Specifically, Oklahoma’s rape law does not mention unconsciousness or intoxication as an element of the crime. Back in 2014, a group of high school students gathered in a Tulsa park to drink and smoke marijuana. Witnesses said the girl had been drifting in and out of unconsciousness and had been unable to walk. The defendant took the girl to his car, and he was then accused of forcing her to perform oral sex. The boy said the ensuing oral sex was consensual, but the victim told the police she did not remember anything else after being at the park. The defendant was initially charged with first-degree rape and forcible oral sodomy, but both charges were dismissed at trial.

Forced Oral Sex is Rape in California

The Centers for Disease Control recently released a report about an adult film actor in California who infected two sexual partners with HIV in the weeks after he contracted the virus, but before it was detected by lab tests. The unnamed actor was apparently infected by a partner outside of work six days before his negative lab results, according to a report by the CDC published on February 11.

The topic of whether sex without a condom constitutes free speech is a long contested one in California. As a state home to a booming porn industry, it has witnessed several attempts to mandate condom use. This November, Californians will be able to vote on a ballot measure that would require condom use for the pornographic movies and allow any state resident to sue to enforce the law.

About 50,000 Americans are newly infected with HIV each year, and the numbers seem to be increasing. More importantly, it is widely known that once infected, the virus does not show up in test results right away.

Convicted human smuggler Martel Valencia-Cortez was believed to have assaulted a San Diego Border Patrol agent with a rock earlier this year. It is believed that Cortez had threw a rock at the agent at a human smuggling event, who thereafter fired his weapon at Cortez. He was allegedly caught smuggling 14 illegal aliens into California. Cortez was somehow able to escape back to Mexico while the 14 illegal aliens were taken into custody. Cortez is currently on the run, and is evidently well-known in the area. He has been allegedly smuggling people over the border since 1997 and was recently released from prison from a three year smuggling charge in September.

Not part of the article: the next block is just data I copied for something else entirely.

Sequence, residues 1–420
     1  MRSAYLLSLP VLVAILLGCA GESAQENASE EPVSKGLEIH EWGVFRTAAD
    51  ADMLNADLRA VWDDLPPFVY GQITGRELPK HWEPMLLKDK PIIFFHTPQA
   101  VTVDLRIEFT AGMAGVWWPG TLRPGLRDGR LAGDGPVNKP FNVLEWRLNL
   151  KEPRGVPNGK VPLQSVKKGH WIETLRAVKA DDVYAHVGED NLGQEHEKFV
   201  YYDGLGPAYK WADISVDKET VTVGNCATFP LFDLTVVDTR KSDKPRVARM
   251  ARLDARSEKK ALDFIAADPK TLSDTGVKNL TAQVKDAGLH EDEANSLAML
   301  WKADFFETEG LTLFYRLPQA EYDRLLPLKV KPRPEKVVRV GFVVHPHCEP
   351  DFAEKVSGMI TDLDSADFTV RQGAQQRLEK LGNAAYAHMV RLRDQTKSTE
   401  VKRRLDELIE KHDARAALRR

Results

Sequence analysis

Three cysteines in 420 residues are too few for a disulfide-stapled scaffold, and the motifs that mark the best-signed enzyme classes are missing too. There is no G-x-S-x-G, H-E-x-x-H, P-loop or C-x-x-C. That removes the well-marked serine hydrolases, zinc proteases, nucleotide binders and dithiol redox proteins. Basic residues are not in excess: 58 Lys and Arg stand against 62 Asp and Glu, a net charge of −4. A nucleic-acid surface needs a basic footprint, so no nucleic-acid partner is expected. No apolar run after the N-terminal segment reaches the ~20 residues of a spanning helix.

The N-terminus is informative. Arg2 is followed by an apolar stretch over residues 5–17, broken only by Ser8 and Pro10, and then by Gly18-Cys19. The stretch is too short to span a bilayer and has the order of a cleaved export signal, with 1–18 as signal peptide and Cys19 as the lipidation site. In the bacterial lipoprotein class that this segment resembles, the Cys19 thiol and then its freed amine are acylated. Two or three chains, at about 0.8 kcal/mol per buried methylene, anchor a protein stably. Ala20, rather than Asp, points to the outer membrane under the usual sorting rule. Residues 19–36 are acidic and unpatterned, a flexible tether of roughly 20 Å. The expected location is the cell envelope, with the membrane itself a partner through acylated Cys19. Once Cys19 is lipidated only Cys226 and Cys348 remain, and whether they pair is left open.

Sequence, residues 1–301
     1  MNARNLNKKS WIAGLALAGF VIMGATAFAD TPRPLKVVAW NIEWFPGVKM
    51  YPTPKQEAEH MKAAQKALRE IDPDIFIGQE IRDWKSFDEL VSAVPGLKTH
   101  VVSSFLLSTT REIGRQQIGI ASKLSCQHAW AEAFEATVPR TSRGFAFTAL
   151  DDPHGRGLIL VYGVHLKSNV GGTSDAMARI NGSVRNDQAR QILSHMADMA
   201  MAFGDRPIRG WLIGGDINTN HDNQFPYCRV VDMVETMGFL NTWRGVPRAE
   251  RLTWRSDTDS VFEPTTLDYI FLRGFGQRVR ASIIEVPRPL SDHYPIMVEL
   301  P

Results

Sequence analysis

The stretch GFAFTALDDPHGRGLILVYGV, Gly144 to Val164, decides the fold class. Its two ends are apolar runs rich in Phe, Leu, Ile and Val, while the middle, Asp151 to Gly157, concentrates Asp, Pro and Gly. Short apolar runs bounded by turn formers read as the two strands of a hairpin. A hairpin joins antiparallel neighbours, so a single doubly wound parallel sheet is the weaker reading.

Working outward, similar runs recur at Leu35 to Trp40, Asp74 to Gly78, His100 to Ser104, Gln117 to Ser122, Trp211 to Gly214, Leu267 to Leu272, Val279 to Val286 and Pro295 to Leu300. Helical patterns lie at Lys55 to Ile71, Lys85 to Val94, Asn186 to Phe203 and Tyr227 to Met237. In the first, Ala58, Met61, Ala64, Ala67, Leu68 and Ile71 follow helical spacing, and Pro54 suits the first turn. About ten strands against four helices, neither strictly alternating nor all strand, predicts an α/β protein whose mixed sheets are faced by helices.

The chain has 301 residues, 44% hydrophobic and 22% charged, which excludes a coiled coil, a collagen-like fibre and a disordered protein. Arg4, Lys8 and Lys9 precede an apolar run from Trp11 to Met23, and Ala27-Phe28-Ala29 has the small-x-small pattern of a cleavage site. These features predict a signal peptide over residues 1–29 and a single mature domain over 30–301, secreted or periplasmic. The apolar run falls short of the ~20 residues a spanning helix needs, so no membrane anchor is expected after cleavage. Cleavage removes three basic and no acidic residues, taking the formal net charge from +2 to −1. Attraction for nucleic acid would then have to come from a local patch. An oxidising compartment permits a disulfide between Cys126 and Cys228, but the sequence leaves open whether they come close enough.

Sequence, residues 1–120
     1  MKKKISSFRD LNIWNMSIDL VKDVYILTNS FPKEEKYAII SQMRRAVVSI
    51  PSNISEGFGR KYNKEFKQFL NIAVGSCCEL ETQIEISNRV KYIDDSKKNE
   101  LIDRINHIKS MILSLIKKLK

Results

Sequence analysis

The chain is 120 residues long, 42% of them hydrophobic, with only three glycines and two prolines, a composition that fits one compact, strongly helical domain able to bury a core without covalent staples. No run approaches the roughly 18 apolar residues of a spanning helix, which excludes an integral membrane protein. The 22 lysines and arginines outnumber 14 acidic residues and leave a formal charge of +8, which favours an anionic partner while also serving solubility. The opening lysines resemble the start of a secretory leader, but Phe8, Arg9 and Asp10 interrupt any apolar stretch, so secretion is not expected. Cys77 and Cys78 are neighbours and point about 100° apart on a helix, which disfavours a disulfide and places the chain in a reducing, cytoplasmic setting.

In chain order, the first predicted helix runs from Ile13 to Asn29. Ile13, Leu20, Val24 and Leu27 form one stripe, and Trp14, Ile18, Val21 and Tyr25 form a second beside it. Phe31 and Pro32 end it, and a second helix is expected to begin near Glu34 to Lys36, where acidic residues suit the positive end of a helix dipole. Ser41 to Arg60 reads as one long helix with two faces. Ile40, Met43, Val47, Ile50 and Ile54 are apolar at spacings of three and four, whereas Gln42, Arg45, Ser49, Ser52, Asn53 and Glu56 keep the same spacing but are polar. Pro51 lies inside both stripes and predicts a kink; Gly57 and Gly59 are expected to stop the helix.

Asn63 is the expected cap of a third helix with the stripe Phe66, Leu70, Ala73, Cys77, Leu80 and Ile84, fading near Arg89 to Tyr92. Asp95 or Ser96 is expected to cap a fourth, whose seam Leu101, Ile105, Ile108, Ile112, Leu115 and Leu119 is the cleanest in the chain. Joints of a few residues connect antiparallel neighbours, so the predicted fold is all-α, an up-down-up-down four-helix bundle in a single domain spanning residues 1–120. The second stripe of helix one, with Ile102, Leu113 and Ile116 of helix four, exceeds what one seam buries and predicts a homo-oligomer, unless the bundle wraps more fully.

Cortez is considered armed and dangerous by officials. Additionally, he is now believed to be connected to “El Tigre,” a lieutenant in the Sinaloa Drug Cartel a by U.S. Border Patrol.

Human Trafficking in California

Federal law makes it a crime to smuggle or help smuggle (bring in) someone into the United States if they are not a citizen. See Sections 274(a) of the Immigration and Nationality Act. It is a felony punishable by imprisonment of 10 years and a fine. The penalty also gets multiplied by the number of people one is convicted of attempting to smuggle in.

In California, Penal Code § 236.1 addresses the crime of  “human trafficking.” The Code defines human trafficking as:

  • Bringing people into the U.S. to exploit them for labor;
  • Depriving someone of their personal liberty as it pertains to sexual exploitation or child sexual exploitation;
  • Persuading or trying to persuade someone to engage in a commercial sex act (ie. prostitution).

Human trafficking is a Class C felony in California. However, back in 2012, California voters passed Proposition 35 (the “Californians Against Sexual Exploitation Act”), which provided for even harsher penalties. Now if you are convicted of human trafficking to obtain forced labor services, you will face five to 12 years imprisonment and a fine up to $500,000. If you are convicted of human trafficking for the purposes of sexual exploitation, child pornography, or extortion, the term of imprisonment increases to 8 to 20 years, a fine of $500,000 and a requirement of joining the sex offender registry. Lastly, if you are convicted of persuading a minor to engage in a commercial sex act, you will be facing 15 years to life imprisonment, a $500,000 fine, and a sex offender registration. Continue reading